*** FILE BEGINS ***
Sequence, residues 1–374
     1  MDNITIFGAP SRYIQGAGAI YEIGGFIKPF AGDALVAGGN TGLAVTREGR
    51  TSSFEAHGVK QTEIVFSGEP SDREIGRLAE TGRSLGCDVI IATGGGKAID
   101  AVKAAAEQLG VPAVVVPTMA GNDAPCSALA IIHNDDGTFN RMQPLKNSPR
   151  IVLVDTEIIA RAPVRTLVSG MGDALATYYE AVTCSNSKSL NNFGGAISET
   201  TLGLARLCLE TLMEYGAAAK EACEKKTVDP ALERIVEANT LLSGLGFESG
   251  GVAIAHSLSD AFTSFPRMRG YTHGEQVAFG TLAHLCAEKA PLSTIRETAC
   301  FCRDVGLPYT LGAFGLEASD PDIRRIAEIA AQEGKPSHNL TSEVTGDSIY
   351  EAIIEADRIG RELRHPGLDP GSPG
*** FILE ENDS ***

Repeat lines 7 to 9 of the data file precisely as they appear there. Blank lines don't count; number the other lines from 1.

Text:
   251  GVAIAHSLSD AFTSFPRMRG YTHGEQVAFG TLAHLCAEKA PLSTIRETAC
   301  FCRDVGLPYT LGAFGLEASD PDIRRIAEIA AQEGKPSHNL TSEVTGDSIY
   351  EAIIEADRIG RELRHPGLDP GSPG